Prediction and Prevention - Sample Essay
In essence, even if Kistler admitted the crime he was accused of committing and the ignorance he has of the harm he was actually doing, SLT tells us that, nevertheless, there are causes behind the continuance of the behavior manifested by Kistler in terms of the existence of the rewards he was able to obtain in the form of ‘sexual satisfaction’ as well as in terms of the avoidance of the punishments that correspond to his actions.
All of these elements may have strongly swayed Kistler into the direction of originally performing the pretentious and sexual deed and sustaining it until the time when the case of a Utah girl who began chatting online with Kistler when she was 12 years of age led to his successful arrest (Associated Press, 2007). The SLT can be used in order to predict as well as prevent likelihood of a similar crime from occurring in the future.
By analyzing and having an understanding of the general behaviors of individuals by looking into the case of Kistler as a reference point and by extracting general principles from the specific details of the case, SLT can serve the function of providing determinants that will indicate which behaviors can most probably lead to child pornography and sustained sexual coercion through the use of the internet juxtaposed with the act of pretense.
Consequently, if one is to arrive at the capability of predicting the occurrence of a similar case o that of Kistler, there remains a high possibility that the same case will be prevented from actually occurring. The possible occurrence of certain criminal or conforming deeds is a function of the state of the stability of the specific elements that sway the behavior not only those functioning in an individual’s previous learning but also on those functioning at a specific instance, and those foretelling of imminent actuations (Akers, 1998, p. 59).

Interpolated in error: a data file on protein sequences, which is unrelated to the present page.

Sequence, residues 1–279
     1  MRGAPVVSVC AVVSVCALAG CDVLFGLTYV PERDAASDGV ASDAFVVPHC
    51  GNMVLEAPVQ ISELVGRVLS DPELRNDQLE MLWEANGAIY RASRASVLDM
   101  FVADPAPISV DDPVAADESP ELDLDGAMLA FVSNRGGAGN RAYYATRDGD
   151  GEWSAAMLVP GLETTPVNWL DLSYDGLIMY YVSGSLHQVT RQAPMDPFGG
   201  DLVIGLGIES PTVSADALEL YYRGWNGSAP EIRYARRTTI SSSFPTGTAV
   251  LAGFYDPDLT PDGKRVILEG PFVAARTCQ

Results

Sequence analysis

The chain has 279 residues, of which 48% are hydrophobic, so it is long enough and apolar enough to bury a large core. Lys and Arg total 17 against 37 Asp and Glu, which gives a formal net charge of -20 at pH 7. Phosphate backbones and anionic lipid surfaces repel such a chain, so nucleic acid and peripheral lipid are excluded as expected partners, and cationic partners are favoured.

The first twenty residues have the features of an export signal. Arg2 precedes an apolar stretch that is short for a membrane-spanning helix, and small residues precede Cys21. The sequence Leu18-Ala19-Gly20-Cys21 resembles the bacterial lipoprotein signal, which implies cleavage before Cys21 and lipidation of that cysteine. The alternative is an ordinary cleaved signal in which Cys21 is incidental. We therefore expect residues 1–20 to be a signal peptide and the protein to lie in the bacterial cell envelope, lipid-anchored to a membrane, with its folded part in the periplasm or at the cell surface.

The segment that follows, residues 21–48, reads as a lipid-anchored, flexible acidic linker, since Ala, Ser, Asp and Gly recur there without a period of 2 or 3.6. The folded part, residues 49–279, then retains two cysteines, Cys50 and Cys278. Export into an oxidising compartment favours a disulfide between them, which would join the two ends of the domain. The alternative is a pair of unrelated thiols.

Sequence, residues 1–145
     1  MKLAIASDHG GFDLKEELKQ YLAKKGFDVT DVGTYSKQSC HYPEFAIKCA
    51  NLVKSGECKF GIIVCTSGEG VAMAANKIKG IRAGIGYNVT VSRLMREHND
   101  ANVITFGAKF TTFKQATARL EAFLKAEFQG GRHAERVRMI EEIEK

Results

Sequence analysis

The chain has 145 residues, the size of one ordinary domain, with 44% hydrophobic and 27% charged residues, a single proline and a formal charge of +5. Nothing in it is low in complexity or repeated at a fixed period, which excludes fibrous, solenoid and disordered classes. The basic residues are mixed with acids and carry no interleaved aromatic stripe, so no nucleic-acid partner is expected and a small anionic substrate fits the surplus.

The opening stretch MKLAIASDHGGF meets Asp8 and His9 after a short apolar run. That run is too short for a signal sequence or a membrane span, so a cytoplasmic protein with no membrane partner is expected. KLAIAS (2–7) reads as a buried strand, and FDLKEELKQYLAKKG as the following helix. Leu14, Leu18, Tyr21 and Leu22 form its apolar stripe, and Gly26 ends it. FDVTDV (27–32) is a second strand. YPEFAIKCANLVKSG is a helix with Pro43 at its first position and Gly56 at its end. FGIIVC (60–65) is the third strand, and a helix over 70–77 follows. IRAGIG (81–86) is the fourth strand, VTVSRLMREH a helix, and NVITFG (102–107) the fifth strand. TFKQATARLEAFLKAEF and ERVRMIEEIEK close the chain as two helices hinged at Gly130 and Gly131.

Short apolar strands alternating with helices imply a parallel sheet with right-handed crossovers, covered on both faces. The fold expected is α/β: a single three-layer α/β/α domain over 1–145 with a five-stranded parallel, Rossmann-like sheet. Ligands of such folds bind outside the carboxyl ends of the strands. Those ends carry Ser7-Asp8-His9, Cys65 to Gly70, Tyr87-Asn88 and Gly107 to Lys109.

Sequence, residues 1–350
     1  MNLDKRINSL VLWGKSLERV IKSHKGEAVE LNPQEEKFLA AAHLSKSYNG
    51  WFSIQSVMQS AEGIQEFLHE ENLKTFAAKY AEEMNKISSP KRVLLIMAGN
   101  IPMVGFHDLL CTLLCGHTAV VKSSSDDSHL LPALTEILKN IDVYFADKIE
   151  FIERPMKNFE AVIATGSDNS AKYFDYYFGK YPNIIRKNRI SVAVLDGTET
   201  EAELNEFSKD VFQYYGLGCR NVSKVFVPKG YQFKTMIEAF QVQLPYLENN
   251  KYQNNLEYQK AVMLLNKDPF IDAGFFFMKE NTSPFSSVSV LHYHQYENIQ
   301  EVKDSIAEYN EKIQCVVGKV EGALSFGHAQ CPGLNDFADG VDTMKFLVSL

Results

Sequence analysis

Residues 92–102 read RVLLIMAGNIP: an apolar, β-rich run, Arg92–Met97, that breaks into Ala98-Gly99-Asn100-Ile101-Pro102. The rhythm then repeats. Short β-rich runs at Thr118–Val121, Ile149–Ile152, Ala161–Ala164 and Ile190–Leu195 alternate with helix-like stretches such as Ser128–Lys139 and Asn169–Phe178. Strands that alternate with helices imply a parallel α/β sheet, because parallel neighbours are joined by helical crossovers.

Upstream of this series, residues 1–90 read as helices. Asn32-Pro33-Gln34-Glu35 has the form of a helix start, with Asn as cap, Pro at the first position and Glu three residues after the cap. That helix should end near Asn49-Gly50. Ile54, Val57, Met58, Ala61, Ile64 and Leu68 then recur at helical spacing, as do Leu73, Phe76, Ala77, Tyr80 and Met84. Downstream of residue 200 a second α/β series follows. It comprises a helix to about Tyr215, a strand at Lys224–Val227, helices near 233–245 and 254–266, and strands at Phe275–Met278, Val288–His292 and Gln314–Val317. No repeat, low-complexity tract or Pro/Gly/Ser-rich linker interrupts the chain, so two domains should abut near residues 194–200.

In other words, the probability of the replication of the same case to that of Kistler depends on the balance between the things that encourage and discourage the individual from submitting to the actualization of the action. Hence, in order to grasp the understanding of the probability of having another Kistler-case, one should have an understanding of the forces that inhibit the person from undertaking child pornography via the internet and those that prompt the person from undertaking the same act.
It has been argued that actions that violate the law can take place even when identified as not desired and even in the deficiency of any thought given to what is presented at the moment as either right or wrong (Akers & Jensen, 2006, p. 7). This reinforces the statement previously made by Kistler, the one in which he presumed that he was not conscious that we was inflicting harm, as the statement itself also reinforces the argument.
In predicting future Kistler-cases, one must then be reminded that internet child pornography can materialize even if the individual did not originally desire it, much more when the individual has no immediate sense of moral precepts. Hence, to predict sexual coercion through internet child pornography hidden beneath the act of pretense is to deliberately overlook individual exclusions in terms of one’s ethical comprehension and personal desires as these do not define nor drive the individual to the repeated performance of the act.
Rather, in terms of the SLT, the action is repeated because of the presence of the rewards the individual obtains and the avoidance from the existing punishments attached to the performance of sexual coercion through internet child pornography beneath pretense. Hence, the prediction of the occurrence of the act rests on the understanding of the presence of the rewards—rewards that are in the form of sexual satisfaction—and the evasion from punishments, more specifically from the legal sanctions and the perceived indictments from the moral sentiments of the ‘moral’ society.
By comprehending the idea that the existence of these rewards sustains the individual from continuously committing the deed, one can predict that the higher the presence of these ‘sexual’ rewards the higher probability there is that sexual coercion will ensue. Similarly, by understanding the idea that the avoidance of the sanctions prompts the individual to prolong the ‘deed’, one can also predict that the more the individual is able to avoid the sanctions the more the individual will stick to internet child pornography.